Canadian Defence Minister Harjit Sajjan said earlier today that the Canadian Armed Forces is in the position it is currently because of years of underfunding by the previous governments.
“I’ll say up front that successive governments contributed to the current state of affairs,” Minister Sajjan said in a short speech delivered at the Conference of Defence Associations Institute.
To get out of this position and before building “anything new” we must “first get us out of the hole that we’re starting in,” he went on to add. He proposed that the way to build, equip and support the CAF is through the new defence policy.
In 2015, the Liberal government set out to have a comprehensive review of Canada’s defence policy by seeking input from Parliamentarians and Canadians to get a “thorough understanding of how every facet of our defence policy would impact our own people.”
The new defence policy will be released “very soon” according to the minister and will “need to focus on emerging domains, like space and cyber.”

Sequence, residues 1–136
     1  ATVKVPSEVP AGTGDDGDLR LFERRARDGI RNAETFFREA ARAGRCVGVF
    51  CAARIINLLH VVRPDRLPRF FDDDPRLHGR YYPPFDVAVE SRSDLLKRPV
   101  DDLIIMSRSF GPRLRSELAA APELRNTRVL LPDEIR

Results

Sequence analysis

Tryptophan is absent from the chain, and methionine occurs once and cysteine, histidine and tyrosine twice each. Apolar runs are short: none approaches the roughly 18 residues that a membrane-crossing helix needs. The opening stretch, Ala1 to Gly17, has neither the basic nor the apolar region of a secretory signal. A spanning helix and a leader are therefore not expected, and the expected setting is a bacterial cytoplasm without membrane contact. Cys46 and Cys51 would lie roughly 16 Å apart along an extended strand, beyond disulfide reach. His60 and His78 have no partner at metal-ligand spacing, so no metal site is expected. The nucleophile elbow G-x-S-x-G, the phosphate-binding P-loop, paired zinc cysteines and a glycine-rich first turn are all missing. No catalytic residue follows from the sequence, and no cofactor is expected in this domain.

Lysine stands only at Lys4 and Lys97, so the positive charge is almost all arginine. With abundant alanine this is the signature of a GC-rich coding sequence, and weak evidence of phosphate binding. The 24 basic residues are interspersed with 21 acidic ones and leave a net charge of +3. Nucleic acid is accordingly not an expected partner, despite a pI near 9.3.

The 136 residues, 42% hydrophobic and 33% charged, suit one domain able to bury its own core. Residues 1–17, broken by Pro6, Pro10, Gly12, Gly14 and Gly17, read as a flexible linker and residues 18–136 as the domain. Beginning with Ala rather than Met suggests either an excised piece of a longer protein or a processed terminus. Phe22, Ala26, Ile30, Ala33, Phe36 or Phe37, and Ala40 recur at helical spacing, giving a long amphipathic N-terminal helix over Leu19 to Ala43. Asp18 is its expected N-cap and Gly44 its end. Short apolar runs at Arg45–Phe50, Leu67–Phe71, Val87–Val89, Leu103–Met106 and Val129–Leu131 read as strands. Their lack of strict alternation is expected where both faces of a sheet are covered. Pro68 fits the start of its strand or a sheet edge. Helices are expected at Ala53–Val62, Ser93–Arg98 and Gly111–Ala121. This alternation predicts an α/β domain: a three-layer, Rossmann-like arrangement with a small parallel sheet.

“It will be a plan to get out of the hole we are starting in, and it will be a plan to build an even stronger military,” the minister stressed, without going into further details as to plan. He said that this plan will ensure that realistic funding will be allocated to “keep our military running efficiently and effectively for years to come.”
The Canadian defence policy will be more aligned to a realistic cost method. A blame that he placed on the previous government for not earmarking enough funds to “even cover the 65 jets they proposed.” Late last year, the Liberal government announced plans to buy 18 Boeing Super Hornets in the interim as it looks to have an open five-year competition to replace the ageing CF-18s.
To ensure that unrealistic costing is not a problem going forward the government has been working with global costing experts from Deloitte and five other major accounting firms in Canada to examine the methodology.